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The Picture of Dorian Gray By Oscar Wilde
eBook (PDF): $2.94
(1 Ratings)
"Hallward got up from the seat and walked up and down the garden. After some time he came back. "Harry," he said, "Dorian Gray is to me simply a motive in art. You might see... More > nothing in him. I see everything in him. He is never more pre-sent in my work than when no image of him is there. He is a suggestion, as I have said, of a new manner. I find him in the curves of certain lines, in the loveli-ness and subtleties of certain colours. That is all." "Then why won't you exhibit his portrait?" asked Lord Henry. "Because, without intending it, I have put into it some expression of all this curious artistic idolatry, of which, of course, I have never cared to speak to him. He knows nothing about it. He shall never know anything about it..."< Less
The Picture of Dorian Gray By Oscar Wilde
Paperback: $16.40
Prints in 3-5 business days
(1 Ratings)
"Hallward got up from the seat and walked up and down the garden. After some time he came back. "Harry," he said, "Dorian Gray is to me simply a motive in art. You might see... More > nothing in him. I see everything in him. He is never more pre-sent in my work than when no image of him is there. He is a suggestion, as I have said, of a new manner. I find him in the curves of certain lines, in the loveli-ness and subtleties of certain colours. That is all." "Then why won't you exhibit his portrait?" asked Lord Henry. "Because, without intending it, I have put into it some expression of all this curious artistic idolatry, of which, of course, I have never cared to speak to him. He knows nothing about it. He shall never know anything about it..." < Less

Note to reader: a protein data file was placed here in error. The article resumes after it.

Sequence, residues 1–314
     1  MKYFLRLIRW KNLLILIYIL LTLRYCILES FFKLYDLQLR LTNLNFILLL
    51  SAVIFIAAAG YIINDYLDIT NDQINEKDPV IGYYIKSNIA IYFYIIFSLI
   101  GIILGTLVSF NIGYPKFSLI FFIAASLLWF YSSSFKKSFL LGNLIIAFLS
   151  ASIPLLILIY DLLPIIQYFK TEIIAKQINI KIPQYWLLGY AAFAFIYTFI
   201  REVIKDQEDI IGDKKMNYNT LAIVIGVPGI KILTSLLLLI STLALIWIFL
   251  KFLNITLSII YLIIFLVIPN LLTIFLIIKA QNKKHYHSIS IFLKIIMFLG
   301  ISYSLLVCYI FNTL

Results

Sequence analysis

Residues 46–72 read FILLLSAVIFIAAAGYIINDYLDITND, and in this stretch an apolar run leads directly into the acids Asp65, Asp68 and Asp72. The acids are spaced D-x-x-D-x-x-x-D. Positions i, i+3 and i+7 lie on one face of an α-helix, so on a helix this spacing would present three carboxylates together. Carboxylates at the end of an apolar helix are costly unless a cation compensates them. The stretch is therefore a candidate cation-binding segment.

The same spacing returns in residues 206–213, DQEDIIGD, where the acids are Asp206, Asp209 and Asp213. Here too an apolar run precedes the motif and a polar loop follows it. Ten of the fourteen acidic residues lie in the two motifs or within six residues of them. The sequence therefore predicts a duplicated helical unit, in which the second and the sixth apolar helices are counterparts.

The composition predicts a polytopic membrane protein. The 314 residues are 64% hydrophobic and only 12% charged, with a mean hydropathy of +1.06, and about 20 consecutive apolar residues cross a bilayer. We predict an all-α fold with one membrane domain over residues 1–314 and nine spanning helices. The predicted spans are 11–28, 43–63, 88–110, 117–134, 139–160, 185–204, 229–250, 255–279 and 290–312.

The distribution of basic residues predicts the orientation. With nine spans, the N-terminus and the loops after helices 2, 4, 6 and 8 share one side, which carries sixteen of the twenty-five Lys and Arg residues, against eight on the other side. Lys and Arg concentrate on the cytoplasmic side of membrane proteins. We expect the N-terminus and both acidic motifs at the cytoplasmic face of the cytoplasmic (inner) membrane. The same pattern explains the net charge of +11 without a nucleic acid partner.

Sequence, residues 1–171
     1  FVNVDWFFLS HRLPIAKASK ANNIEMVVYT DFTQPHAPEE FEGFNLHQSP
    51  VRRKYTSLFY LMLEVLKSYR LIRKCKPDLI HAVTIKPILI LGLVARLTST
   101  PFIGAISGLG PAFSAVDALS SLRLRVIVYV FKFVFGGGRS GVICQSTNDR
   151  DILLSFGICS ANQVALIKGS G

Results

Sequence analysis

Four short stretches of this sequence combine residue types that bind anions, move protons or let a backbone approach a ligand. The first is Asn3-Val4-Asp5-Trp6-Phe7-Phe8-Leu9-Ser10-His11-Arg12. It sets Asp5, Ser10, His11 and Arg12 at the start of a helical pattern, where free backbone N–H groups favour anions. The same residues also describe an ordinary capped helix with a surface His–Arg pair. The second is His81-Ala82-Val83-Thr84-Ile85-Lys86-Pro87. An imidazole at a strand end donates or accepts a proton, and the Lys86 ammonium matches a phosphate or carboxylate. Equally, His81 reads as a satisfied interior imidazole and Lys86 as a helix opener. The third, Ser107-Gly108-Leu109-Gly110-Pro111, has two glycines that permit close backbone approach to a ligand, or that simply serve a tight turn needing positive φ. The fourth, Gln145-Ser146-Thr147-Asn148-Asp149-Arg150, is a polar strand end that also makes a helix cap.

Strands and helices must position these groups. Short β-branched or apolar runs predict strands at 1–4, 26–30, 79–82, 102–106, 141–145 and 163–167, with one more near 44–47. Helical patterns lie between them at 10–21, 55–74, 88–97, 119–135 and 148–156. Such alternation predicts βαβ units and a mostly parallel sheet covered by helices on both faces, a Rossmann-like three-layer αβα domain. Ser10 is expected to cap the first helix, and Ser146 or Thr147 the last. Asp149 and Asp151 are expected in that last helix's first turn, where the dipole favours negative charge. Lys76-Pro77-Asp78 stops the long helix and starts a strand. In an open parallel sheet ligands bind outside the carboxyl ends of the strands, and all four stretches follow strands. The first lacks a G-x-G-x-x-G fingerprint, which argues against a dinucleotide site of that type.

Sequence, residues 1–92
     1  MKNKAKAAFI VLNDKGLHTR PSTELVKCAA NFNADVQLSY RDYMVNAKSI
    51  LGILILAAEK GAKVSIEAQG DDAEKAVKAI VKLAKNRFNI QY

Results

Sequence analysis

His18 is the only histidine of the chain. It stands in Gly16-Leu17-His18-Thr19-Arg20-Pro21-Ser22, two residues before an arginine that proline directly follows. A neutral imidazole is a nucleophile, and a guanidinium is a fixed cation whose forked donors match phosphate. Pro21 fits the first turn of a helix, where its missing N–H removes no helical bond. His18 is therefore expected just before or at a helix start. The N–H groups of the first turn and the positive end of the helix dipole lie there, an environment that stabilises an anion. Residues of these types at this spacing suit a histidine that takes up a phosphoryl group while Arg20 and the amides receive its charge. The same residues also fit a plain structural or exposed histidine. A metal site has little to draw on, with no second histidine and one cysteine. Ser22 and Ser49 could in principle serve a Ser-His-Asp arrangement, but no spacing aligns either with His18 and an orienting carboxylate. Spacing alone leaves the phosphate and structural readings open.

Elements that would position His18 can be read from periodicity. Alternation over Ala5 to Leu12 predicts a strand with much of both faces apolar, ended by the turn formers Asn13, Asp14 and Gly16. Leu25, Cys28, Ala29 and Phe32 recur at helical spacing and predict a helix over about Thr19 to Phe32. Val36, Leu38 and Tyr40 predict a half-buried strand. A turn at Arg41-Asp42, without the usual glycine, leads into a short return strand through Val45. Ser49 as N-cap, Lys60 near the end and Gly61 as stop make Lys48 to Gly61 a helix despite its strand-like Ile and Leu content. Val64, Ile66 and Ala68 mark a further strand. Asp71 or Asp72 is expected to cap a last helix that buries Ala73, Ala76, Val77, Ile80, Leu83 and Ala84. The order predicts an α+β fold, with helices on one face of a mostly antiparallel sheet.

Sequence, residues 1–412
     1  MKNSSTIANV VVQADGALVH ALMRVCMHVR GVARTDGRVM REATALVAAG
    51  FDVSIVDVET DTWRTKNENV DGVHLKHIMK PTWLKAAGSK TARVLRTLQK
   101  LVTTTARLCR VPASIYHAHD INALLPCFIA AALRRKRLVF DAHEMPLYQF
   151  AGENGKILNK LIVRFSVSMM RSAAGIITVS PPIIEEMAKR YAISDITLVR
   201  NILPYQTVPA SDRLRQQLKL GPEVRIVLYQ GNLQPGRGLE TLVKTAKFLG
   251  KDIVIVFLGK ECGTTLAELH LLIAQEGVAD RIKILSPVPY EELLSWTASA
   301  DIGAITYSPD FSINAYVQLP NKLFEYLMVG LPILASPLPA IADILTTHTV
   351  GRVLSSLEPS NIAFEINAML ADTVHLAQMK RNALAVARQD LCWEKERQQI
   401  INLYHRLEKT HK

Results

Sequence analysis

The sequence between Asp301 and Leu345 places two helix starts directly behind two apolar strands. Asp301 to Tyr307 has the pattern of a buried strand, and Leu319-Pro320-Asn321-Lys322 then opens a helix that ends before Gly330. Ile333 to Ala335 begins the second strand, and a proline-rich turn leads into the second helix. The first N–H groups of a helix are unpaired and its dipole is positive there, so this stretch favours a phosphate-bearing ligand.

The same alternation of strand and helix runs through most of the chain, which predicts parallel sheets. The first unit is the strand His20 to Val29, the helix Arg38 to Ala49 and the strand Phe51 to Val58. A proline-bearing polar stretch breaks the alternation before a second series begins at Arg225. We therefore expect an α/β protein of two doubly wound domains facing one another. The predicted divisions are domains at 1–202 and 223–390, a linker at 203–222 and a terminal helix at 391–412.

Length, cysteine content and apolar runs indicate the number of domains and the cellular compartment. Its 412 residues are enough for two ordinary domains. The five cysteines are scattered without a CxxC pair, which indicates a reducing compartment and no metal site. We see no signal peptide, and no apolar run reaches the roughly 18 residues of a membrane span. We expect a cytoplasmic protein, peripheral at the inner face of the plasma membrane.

The Picture of Dorian Gray By Oscar Wilde
eBook (PDF): $2.94
"Hallward got up from the seat and walked up and down the garden. After some time he came back. "Harry," he said, "Dorian Gray is to me simply a motive in art. You might see... More > nothing in him. I see everything in him. He is never more pre-sent in my work than when no image of him is there. He is a suggestion, as I have said, of a new manner. I find him in the curves of certain lines, in the loveli-ness and subtleties of certain colours. That is all." "Then why won't you exhibit his portrait?" asked Lord Henry. "Because, without intending it, I have put into it some expression of all this curious artistic idolatry, of which, of course, I have never cared to speak to him. He knows nothing about it. He shall never know anything about it..."< Less

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